Terramation is an Environmentally & Ethically Responsible Choice


California signed a bill allowing terramation, an alternative post-death process. (Courtesy of Twitter)

California Governor Gavin Newsom signed a bill this month requiring state regulators to allow terramation, an alternative post-death process, by 2027. Terramation is a body disposal method where the human body is composted into earth. Although it may sound like something out of science fiction, terramation is a natural, eco-friendly process that is also meaningful and financially sound. 

In terms of cost, terramation can be less expensive than casket burials (costing around $12,000) or cremations with funerals (costing around $6,000), with a price range from about $5,000-$7,000. For casket burial costs, space is also expensive, and limited space in cemeteries worldwide is becoming a major issue. Terramation can reduce this risk of urban congestion and conserve more land by reducing the need for spacious cemeteries. 

Terramation has other great benefits for the environment. Other body disposal methods such as cremation can put strain on the environment by using up to 30 gallons of fuel and releasing hundreds of pounds of carbon dioxide. There are risks that come with burials as well: when burying a body, harmful embalming fluids like carcinogenic formaldehyde are used for preservation of the body during funeral ceremonies.

Terramation bypasses the use of harmful chemicals in burial and the exhaustive energy use in cremation. According to Micah Truman, founder of the terramation company “Return Home,” terramation only uses “1/10 of the energy of cremation,” and the body is composted over a period of 60 days. Bodies are placed in a vessel with other organic products and through the addition of oxygen, microbes in the body convert it into compost over time.The bodies are composted into soil in the first 30 days. For the next 30 days, the soil is left to breathe and rest. The compost which is given back to families is “sweet smelling” and otherwise similar to most other composts. The compost produced from terramation is “enough to fill up the bed of a pickup truck” and can return nutrients back to the soil, promoting new life.

Terramation can also have great meaning for individuals. Individuals who prioritize environmentalism and want to reduce the environmental impact of traditional disposal methods may find terramation a great way to do this. Other groups of people, like farmers who want to return to their land or grow something from their compost, also look to terramation. Terramation can even be an alternative method for individuals who don’t want a traditional burial or funeral.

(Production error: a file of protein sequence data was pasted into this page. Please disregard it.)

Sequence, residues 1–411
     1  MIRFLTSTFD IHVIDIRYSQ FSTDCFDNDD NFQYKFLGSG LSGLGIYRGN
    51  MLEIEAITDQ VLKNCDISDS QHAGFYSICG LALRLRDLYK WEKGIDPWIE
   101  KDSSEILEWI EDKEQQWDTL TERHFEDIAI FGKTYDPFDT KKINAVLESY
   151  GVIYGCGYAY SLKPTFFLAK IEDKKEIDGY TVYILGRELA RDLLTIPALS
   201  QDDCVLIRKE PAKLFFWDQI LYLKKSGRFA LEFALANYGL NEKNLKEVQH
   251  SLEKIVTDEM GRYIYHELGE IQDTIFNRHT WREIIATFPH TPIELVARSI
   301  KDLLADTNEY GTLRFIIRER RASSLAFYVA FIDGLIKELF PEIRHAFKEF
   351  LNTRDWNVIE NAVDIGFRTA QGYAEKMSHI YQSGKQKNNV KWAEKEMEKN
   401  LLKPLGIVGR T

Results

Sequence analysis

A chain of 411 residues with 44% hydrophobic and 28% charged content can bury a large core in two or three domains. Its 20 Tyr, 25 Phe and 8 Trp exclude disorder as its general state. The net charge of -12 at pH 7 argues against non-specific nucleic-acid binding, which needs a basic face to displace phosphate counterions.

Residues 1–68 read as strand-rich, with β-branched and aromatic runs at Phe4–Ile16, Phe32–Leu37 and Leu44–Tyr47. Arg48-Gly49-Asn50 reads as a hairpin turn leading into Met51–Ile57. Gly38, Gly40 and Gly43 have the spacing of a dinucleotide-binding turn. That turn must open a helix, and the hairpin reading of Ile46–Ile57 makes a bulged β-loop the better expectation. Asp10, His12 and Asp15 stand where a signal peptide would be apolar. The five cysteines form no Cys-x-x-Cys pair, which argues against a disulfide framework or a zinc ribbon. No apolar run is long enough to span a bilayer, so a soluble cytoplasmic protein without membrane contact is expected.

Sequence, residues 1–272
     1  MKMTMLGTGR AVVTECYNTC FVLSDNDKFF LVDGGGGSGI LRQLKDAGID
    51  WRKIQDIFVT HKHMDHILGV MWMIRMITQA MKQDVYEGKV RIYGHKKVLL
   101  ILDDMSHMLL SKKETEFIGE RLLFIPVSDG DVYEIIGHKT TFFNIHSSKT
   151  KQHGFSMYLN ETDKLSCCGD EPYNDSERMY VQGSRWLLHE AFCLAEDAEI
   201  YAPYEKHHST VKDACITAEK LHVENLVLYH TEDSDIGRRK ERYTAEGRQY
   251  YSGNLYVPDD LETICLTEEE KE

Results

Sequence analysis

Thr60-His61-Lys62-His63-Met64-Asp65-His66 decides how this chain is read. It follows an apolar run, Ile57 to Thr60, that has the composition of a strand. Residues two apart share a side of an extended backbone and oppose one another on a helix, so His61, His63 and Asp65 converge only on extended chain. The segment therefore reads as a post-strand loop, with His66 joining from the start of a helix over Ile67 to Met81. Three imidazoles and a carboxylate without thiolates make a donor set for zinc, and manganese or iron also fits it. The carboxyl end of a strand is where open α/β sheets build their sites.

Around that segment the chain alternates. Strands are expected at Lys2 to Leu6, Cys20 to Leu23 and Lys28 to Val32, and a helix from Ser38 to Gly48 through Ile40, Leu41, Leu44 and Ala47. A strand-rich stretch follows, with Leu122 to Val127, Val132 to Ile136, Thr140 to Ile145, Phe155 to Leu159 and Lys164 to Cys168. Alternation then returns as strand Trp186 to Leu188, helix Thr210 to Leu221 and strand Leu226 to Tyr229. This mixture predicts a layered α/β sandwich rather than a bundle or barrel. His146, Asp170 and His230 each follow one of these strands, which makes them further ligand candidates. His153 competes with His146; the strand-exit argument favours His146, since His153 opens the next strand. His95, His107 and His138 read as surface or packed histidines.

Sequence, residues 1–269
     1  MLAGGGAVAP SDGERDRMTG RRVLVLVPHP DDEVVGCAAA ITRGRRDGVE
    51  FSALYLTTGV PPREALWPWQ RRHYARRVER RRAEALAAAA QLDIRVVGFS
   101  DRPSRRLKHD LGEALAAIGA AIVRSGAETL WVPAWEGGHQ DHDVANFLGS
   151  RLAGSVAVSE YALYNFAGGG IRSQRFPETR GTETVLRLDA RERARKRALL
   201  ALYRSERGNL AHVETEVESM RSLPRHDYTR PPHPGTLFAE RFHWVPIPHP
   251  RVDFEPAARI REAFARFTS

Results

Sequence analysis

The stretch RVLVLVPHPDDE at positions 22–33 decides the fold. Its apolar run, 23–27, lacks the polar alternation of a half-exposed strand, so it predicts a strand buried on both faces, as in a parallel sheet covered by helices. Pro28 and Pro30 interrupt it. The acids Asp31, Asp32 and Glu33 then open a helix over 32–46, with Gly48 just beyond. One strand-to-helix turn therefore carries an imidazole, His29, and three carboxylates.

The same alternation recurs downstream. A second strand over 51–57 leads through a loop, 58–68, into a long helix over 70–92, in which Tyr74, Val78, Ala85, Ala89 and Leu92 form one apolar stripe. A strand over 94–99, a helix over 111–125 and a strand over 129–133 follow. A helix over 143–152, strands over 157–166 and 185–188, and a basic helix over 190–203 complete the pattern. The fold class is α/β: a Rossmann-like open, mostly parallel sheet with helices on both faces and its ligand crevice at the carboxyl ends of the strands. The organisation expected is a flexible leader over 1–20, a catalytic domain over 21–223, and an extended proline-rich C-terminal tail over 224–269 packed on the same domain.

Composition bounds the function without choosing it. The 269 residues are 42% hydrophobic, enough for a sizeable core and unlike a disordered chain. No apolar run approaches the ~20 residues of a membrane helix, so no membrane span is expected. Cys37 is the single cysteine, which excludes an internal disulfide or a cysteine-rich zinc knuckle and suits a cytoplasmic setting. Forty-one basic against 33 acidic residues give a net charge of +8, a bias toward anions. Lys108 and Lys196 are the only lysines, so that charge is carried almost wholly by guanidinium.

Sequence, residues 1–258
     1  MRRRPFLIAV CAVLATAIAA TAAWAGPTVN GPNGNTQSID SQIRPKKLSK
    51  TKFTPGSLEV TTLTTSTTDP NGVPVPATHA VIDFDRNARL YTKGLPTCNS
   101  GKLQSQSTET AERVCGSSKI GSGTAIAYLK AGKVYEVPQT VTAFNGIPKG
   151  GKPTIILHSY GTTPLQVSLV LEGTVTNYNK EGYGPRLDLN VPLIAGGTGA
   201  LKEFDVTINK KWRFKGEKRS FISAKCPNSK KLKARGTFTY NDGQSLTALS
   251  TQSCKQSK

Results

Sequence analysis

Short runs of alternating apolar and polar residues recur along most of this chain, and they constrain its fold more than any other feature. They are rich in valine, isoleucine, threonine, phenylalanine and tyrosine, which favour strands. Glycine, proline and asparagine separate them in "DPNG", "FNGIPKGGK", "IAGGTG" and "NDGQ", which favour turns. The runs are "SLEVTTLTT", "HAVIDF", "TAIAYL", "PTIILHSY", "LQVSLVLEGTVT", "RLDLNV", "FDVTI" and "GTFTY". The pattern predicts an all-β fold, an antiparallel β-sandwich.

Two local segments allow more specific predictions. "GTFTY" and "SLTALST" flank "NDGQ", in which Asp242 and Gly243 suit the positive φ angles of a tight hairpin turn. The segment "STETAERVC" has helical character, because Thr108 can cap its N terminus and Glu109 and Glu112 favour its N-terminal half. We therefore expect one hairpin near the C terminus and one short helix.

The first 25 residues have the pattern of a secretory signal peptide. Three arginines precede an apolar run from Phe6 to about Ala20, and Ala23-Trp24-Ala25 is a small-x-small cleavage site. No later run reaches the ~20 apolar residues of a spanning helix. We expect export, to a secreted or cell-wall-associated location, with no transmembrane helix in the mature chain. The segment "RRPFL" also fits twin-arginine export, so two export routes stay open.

Family members can be involved in the terramation process in various ways. Family members can sit with the terramation vessel over the course of its transformation. Meaningful materials for the family or individual can be added to the vessel as long as they are organic, such as wedding cakes, love letters and blankets. The compost produced by terramation can easily be divided among families. Compost can be used to honor the individuals who have passed by planting trees in their honor or adding the compost into park spaces. 

Considering the growing negative impacts of climate change, terramation offers a practical answer which can work to reduce the environmental impacts of more traditional burial methods. Terramation is a reaffirming way of allowing people to give back to the environment in their death. Terramation also has the capability to carry similar symbolic meaning for families and individuals as other processes such as funerals and cremations.

While not everyone may be keen to plan on terramation for the future, and I believe it will take a long time for it to be mainstream, the growing industry and legalization of the process can introduce the idea to many people who may give it a second thought or even be eager to do it. In a time where people are growing more conscientious about their effects on the environment, terramation will probably be favored for its sustainability and may even become necessary for our world, with its growing population. There is always an increasing demand for land not only for burials, but for the living. 

While terramation might sound strange at first, it is a careful and symbolic decision which is just as meaningful as other body disposal processes and should be viewed as just as viable an option as burials and cremation. Death is an inevitable reality for all of us, but terramation offers us a way to give back to our world and sustain new life through death.

Saisha Islam, FCRH ’25, is a biology major from Bronx, NY.